New Age Leaders
Caroline Akhras
Caroline Akhras, Associate Professor, Department of Management and Marketing, Faculty of Business Administration and Economics, Notre Dame University, Lebanon, Western Asia.
Manuscript received on 01 September 2019 | Revised Manuscript received on 10 September 2019 | Manuscript Published on 23 September 2019 | PP: 8-15 | Volume-8 Issue-5C, May 2019 | Retrieval Number: E10020585C19/19©BEIESP | DOI: 10.35940/ijeat.E1002.0585C19
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© The Authors. Blue Eyes Intelligence Engineering and Sciences Publication (BEIESP). This is an open access article under the CC-BY-NC-ND license (

Abstract: Leading change in established educational organizations requires an exceptional type of leadership. Research studies claim that legions of change makers in schools, colleges, and universities acknowledged stress, anger, conflict, and frustration as they dealt with complacency and ignorance. Despite acknowledged obstacles, researchers note that some universities claim to be actively incorporating change into their workplace. This research paper explores incorporating change as an active investment in leadership capital. Sixty six participants drawn from different departments were randomly selected as a sample. The results found perceptions of bold leadership seemingly driving universities upward and onward. Moreover, the results posited that many leaders who were seen as part of a millennial leadership cadre were imbued with a new age moral compass bridging forces of change and bridging faculty to faculty and faculty to students, all in a higher educational context in the MENA. Given these positive results, additional research is recommended to better understand the context and learn how to sustain daring leadership.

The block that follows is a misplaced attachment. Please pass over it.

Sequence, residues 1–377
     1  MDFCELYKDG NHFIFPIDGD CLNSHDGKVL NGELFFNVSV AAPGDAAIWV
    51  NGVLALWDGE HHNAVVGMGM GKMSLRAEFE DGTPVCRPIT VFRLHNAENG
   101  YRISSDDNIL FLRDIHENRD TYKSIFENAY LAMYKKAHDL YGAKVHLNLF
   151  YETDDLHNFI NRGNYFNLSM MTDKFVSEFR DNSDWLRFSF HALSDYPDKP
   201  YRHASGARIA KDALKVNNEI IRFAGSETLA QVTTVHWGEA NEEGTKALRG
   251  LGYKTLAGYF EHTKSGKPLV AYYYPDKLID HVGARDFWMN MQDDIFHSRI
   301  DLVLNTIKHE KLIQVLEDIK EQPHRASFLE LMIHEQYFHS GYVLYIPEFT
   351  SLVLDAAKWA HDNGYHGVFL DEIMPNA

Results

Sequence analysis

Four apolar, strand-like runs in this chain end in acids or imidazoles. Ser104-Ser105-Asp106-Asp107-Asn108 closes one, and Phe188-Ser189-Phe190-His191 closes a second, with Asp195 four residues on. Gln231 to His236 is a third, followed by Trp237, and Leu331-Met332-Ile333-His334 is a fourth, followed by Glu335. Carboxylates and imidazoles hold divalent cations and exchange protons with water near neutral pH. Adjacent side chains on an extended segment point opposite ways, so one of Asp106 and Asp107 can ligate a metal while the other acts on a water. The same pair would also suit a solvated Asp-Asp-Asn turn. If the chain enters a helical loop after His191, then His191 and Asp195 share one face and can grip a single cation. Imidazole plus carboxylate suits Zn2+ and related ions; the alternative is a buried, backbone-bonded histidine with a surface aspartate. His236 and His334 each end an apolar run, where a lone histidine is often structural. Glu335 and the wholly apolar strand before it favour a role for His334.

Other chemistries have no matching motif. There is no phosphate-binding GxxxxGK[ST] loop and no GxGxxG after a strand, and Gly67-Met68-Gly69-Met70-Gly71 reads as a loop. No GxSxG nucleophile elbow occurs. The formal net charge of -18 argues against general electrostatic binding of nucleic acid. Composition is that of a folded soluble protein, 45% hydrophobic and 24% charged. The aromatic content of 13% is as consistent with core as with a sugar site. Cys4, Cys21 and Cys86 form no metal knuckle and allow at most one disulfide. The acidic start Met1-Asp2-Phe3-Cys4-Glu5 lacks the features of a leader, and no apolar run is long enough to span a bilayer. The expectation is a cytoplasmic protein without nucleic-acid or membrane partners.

Keywords: Planned Change, Interactive Leadership, Business Management, New Age Morality, Millennials, Educational Leadership.
Scope of the Article: Disaster Management